Maybe that's my problem... I was raised agnostic...

zoe said...

I'm reading 'Godless Morality' and, with refernce to the roots of guilt and skewed development of the repressives side of Christianityfinding, it's like being given a license to say, "SEE! I knew it was a load of horse from the beginning." A child intuits lies/ fudging/ ponitless decades of the rosary... Most refreshing as an adult, if only the creeping voice didn't keep trying to get in the back door all the time.

zoe said...

That was actually Dominic posting the last comment, not me. I'm not a survivor.

Art O.T. Grid said...

Oh, PHEW!! Saw the title of this post and thought you were writing about ME.

jrlennon said...

Nah, just say three Hail Munros and an Act of Contradiction and you're good until next week.

Shauna said...

Great post
Yours,
-Guilt Ridden Catholic

AC said...

I've never gotten the Catholic guilt thing. Not raised Catholic myself but grew up going to Catholic schools. I thought the point of the doctrine of original sin was that the whole world was fucked up before you ever got here, so it's not your fault. And for the things that are your fault, you go to confession, do your penance, and all is forgiven.

And yet all my friends from school days who were growing up in Catholic families now look back at it the same way you do. Why this discrepancy between the theology I was taught in class and the experience my friends actually lived?

But about the first draft, what you are describing sounds like what I feel after the end of any big project...graduating from college, earning a promotion, completing a move. The campaign is over, and now comes the nation building. Or like hiking...every time you reach what you thought was the top, you find that it's just the top of the switchback and there's another hard climb ahead.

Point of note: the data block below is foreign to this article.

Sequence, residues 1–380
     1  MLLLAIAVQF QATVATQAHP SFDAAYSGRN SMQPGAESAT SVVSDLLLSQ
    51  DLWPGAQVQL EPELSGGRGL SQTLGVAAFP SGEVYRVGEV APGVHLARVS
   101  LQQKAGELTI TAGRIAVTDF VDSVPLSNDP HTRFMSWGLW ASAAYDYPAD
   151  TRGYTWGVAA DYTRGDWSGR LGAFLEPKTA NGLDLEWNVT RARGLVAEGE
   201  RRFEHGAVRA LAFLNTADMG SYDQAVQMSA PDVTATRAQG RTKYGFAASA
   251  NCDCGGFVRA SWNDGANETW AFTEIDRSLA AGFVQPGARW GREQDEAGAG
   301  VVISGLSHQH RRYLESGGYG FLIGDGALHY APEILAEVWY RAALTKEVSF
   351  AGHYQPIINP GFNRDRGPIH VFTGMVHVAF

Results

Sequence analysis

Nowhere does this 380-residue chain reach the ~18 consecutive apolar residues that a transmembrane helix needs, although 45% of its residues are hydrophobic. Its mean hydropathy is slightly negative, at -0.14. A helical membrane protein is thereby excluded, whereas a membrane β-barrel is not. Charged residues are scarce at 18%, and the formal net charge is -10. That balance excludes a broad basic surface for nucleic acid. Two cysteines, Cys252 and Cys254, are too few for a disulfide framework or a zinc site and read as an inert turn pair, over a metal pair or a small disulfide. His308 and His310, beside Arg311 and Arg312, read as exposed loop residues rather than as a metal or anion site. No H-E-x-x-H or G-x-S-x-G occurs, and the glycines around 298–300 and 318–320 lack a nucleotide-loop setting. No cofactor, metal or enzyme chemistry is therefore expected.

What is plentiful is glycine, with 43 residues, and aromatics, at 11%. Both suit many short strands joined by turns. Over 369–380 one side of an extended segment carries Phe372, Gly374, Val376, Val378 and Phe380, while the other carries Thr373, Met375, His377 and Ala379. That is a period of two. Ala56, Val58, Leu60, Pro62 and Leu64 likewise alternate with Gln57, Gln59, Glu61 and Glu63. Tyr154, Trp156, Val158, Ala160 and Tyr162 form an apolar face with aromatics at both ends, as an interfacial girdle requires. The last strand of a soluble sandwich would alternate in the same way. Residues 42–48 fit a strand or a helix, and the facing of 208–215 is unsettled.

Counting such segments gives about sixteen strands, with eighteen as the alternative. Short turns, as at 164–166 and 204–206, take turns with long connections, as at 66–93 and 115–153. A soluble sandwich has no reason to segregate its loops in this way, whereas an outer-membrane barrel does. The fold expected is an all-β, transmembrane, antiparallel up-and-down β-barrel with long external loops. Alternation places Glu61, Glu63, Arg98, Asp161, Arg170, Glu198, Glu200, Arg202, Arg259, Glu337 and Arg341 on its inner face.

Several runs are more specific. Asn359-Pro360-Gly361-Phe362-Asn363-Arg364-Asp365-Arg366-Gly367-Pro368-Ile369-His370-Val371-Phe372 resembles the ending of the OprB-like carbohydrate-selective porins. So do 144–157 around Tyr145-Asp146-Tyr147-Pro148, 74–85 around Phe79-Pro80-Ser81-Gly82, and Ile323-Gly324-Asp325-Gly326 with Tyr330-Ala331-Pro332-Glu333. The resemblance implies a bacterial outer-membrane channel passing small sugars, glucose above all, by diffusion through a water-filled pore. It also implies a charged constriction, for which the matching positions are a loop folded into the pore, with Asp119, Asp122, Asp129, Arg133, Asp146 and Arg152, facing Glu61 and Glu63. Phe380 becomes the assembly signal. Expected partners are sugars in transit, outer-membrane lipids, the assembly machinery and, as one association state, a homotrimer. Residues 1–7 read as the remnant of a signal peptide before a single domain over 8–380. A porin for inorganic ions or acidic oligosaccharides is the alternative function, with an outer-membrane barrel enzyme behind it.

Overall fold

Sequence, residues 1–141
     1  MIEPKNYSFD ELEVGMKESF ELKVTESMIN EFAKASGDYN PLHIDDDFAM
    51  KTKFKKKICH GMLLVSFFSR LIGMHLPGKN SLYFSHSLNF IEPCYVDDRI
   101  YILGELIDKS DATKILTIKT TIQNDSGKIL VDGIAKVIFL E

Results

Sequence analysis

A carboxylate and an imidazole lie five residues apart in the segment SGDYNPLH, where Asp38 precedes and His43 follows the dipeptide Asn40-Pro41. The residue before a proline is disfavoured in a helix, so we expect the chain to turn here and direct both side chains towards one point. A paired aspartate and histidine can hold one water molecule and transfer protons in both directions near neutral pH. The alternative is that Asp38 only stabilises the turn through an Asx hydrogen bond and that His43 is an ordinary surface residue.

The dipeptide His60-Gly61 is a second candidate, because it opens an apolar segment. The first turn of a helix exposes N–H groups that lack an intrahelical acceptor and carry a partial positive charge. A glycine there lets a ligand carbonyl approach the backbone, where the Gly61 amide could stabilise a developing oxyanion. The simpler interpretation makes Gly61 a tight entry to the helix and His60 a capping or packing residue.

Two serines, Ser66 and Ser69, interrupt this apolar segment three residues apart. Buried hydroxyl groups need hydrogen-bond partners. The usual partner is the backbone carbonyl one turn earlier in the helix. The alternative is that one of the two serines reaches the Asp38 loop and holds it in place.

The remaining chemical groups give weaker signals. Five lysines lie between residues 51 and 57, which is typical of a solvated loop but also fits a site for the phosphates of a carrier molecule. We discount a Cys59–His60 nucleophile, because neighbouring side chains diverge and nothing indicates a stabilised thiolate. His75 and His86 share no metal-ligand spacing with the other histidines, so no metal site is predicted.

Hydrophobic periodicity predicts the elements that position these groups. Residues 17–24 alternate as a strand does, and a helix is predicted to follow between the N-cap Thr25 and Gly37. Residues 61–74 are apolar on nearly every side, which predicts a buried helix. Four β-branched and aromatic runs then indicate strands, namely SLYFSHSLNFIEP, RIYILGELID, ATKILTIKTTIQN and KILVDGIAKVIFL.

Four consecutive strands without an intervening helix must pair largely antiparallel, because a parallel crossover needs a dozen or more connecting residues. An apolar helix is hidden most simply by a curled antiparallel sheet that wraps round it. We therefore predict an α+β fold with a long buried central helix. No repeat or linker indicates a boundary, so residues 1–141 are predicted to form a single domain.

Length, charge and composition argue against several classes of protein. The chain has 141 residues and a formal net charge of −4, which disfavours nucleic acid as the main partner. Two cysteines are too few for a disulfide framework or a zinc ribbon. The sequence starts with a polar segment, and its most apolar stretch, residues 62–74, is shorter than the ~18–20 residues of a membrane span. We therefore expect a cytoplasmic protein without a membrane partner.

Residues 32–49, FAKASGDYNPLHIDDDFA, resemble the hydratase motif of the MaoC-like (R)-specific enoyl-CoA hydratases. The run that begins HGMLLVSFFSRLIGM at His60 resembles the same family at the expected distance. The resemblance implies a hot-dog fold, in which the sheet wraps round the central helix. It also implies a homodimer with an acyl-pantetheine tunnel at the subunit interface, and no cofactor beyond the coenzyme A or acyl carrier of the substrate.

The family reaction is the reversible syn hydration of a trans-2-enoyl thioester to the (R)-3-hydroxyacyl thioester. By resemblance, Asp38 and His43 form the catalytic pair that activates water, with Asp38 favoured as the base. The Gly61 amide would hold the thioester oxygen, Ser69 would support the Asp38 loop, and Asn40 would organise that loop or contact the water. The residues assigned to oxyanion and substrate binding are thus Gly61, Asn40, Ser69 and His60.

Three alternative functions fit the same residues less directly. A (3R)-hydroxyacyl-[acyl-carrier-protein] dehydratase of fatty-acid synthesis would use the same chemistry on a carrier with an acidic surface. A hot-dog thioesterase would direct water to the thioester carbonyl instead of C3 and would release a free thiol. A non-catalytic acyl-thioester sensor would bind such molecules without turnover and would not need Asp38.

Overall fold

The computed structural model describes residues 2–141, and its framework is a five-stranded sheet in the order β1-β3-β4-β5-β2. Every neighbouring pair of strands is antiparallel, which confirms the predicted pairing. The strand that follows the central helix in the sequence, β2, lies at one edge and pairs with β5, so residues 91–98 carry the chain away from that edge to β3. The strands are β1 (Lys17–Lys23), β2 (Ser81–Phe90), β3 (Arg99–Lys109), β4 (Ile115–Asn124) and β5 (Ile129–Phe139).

Congratulations on making it this far!

jrlennon said...

Thanks, AC! There was nothing wrong really with my own personal religious upbringing--I had a good childhood and my parents treated me well. Indeed, the church contributed a great deal to my own moral code, which I still adhere to strongly. So it wasn't Catholic philosophy in general that rubbed me the wrong way, but the uses to which it is (perhaps improperly) put. Ultimately, I didn't like the role that women are supposed to occupy in the church, and I didn't like the notion that "impure thoughts" are a sin, and I didn't like "confessing" to the asshole self-aggrandizing monsignor in my parish, and I didn't like Jesus, the literary character, who was as boring and predictable as any ever devised.

I think the guilt thing is something cultural and familial, and not necessarily philosophical. It's not a major force in my life, luckily...I was exaggerating its effect on me for the sake of the metaphor...

AC said...

You know, now that you mention it, Jesus totally doesn't work as a literary character. In the gospels I wouldn't say he's boring and predictable...more like opaque and unpredictable. And when novelists try to rewrite the gospels as a contemporary bio-epic, they just make it worse. I can't think of one really good version of Jesus in literature or film. (Although I haven't read the Anne Rice one yet, and that might be interesting.) He seems to work better as a vague, off-screen presence that human characters react to. For instance, in The Thin Place vs. in The Last Temptation of Christ.

Stephen said...

AC,

Check out Pasolini's The Gospel According to St. Matthew. One of the great films ever made, cast with non-professional actors and shot in various poor villages in Italy. Powerfully gets to the raw tragedy of the story. Scored with Bach and African chants. Rips your heart out. And it was made by a gay atheist communist.

jrlennon said...

The Jesus is pretty good in Jim Crace's book...ah shit what's it called...Quarantine!

jon said...

Jesus in Jesus Christ Superstar is quite good, though Judas steals the show. I'm a Jewish atheist by birth and conviction, so growing up, the only Jesus story I ever got was Jesus Christ Superstar. Imagine how disappointing the New Testament was after that.
Anyway, there's a story that James Joyce, when asked why he drank so much, said he was doing penance for the great pleasure he got from writing. And congratulations, John.

AC said...

Sorry, Jon. I can't take Jesus Christ Superstar. All those damn hippies. I guess it's marginally better than Godspell.

I will check out the Pasolini film though. Thanks!